90424Long before hydrangea blooms with its distinctively round floral trusses of abundant small flowers, the snowball bush, Viburunum opulus ‘Roseum’, shares its own unique version of similar bloom. Although the cultivar name suggests that the bloom would be pink or red, it is exclusively white. Hydrangea will bloom later, mostly in pink or red, with some in blue or lavender, and a few in white.

The snowball blooms of snowball bush are about thee inches wide, so are smaller than those of hydrangea, and do not last quite as long. They bloom early in spring, without subsequent bloom. The two or three inch long deciduous leaves might turn surprisingly vivid orange and red before defoliating in autumn. Mature specimens easily get taller than ten feet, and might reach fifteen feet.

Snowball bush eventually develops a relaxed and unrefined style that fits nicely into woodsy landscapes. Autumn foliar color is better with full sun exposure, but a bit of partial shades promotes a slightly more open branch structure that displays the spring bloom better. Pruning should be done after bloom. Snowball bush prefers somewhat regular watering and rich soil, but is not too finicky.

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16 thoughts on “Snowball Bush

  1. I used to walk by one on my way home from grade School and was entranced with the flowers in springtime. I should get one for my garden.

    Do you find that many viburnum leaves, even on this kind, are stinky when it rains?

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    1. I noticed it on others. I really dislike most viburnums. The foliage is always so raspy and dusty. Viburnum tinus is somewhat naturalized at work. It does not look as pretty as it does in pictures from other regions. I really can not understand why others like it so much. I keep many of them, as if I will eventually learn to like them.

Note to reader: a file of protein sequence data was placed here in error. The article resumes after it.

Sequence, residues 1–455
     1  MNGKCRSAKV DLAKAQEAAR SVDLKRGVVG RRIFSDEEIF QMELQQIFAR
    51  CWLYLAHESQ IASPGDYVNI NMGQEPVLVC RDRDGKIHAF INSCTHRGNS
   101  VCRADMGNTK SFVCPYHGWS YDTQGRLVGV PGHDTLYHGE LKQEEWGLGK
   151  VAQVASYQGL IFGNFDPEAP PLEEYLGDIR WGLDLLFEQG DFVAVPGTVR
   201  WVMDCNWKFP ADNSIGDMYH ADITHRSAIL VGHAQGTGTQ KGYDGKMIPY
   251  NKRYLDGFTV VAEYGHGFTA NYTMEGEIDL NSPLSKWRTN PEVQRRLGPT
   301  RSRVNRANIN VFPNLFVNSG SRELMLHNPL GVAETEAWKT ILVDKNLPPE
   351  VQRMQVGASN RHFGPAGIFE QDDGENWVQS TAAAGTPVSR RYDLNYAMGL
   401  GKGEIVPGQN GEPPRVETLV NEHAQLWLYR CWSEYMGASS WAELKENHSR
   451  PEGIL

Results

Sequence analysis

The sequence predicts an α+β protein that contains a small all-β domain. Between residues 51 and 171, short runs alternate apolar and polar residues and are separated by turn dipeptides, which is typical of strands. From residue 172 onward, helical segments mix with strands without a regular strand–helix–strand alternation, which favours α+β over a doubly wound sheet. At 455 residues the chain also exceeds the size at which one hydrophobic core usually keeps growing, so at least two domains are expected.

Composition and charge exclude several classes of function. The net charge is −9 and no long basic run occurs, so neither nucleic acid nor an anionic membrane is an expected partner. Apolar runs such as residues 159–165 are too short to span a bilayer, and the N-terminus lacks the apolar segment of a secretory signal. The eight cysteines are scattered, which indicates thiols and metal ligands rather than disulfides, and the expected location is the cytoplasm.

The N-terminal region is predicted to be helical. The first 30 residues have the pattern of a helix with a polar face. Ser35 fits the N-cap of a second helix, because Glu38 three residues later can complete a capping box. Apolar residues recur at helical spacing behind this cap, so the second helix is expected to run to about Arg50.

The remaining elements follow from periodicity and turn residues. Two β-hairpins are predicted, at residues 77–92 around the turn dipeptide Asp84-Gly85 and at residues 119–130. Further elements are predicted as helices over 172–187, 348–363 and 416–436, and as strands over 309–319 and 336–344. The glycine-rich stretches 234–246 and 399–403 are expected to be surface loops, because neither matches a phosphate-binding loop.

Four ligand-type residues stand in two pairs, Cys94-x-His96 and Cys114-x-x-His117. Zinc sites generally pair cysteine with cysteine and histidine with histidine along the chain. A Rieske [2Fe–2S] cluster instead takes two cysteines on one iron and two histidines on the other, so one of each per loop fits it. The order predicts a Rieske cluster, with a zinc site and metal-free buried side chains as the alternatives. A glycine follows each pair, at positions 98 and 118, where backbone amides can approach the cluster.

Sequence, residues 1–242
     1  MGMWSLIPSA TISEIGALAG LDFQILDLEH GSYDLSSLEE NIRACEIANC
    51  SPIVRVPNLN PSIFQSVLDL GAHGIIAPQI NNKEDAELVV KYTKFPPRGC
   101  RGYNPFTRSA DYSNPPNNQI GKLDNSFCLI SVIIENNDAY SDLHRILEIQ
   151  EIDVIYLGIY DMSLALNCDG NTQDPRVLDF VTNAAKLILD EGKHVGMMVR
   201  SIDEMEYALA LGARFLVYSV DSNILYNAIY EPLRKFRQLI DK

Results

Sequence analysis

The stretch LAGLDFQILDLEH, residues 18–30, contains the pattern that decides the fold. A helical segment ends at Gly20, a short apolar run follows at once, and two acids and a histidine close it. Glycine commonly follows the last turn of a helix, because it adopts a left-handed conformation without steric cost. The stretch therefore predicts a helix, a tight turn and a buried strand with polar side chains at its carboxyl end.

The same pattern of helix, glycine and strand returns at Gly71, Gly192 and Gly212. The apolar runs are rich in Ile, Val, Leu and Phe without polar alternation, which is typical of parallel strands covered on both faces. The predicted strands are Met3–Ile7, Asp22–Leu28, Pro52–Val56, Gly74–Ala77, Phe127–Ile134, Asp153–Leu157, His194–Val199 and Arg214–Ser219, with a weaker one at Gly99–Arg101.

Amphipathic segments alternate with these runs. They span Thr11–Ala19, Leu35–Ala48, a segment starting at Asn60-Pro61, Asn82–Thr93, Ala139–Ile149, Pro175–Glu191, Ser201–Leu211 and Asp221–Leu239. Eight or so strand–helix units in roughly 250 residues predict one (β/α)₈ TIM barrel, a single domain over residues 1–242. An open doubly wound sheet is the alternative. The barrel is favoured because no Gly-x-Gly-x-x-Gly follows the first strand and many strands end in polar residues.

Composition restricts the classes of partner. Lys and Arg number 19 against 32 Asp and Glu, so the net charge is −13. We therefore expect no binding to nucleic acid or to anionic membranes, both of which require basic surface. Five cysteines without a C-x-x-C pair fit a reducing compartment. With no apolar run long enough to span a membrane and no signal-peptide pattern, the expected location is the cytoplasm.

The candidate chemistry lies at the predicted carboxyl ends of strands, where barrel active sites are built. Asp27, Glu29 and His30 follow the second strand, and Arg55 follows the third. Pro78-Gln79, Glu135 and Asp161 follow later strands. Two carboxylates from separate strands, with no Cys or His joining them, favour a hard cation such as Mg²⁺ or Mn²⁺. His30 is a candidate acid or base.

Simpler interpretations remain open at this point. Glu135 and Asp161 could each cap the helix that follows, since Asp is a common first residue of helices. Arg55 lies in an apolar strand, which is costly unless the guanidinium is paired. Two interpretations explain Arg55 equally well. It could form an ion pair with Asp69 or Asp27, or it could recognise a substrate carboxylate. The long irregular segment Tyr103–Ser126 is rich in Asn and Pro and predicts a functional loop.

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    1. This particular specimen is a garden variety, which may be an improved version of how they would be seen in the wild. Those that I remember when I was a kid were not quite as impressive as these are now. (There were not many around when I was a kid.)

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  2. This is one of my favourite plants. I had one but where we live it got too much heat and died. One day when the other trees have grown and there is a little shade I will try again.

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    1. Well, snowballs tend to melt with a bit of heat.
      In the semi arid climate here, the foliage can get roasted if too exposed during warm weather, but it doe not damage established plants too terribly much. It just makes the rather raspy looking, and compromises fall color.

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      1. When you plant, you might want to make sure the soil is not too dense down there. It seems to me that they are susceptible to rot while young too. The first year is the most difficult.

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    1. Hydrangeas are much more common here then snowball bush is. I sort of get bored with hydrangea. I sort of prefer snowball bush because it is not so passe, not that I follow fads.

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  3. Long ago in San Jose (Willow Glen) my husband and his sister would have their picture taken in front of the snowball bush if it was blooming on Easter Sunday. 20+ years later, he and I moved to a house with a mature snowball bush growing by the swimming pool. So I know it is at least 30 years old at this point, and I am still tending it, and sometimes decorating my husband’s grave with the flowers!

    I love my bush so much, I kept it in its corner when I re-landscaped the whole garden and took out the pool. In a recent year I spent two days giving it a thorough pruning to cut away the dead wood and rein it in, because it had gotten out of hand again and was encroaching on other plantings. I never water it, but here in the North Bay it has moderate summers, and probably its roots go deep by now and find moisture that has seeped from its neighbors who do get irrigated.

    As you say, sometimes the autumn foliage is spectacular, the best color around. All in all, it’s quite a performer!

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    1. I distinctly remember that snowball bush was more common (although not truly ‘common’) in Willow Glen than in Western San Jose, or regions that are not quite as old as Willow Glen. They must have been popular earlier in history, but were not popular in the 1950s when most of San Jose was developed. the big specimen that I remember in Western San Jose was planted by someone who remembered it from Willow Glen. It is nice to see them in nurseries now, even if they are just modern cultivars. I sometimes see flowering quince too.

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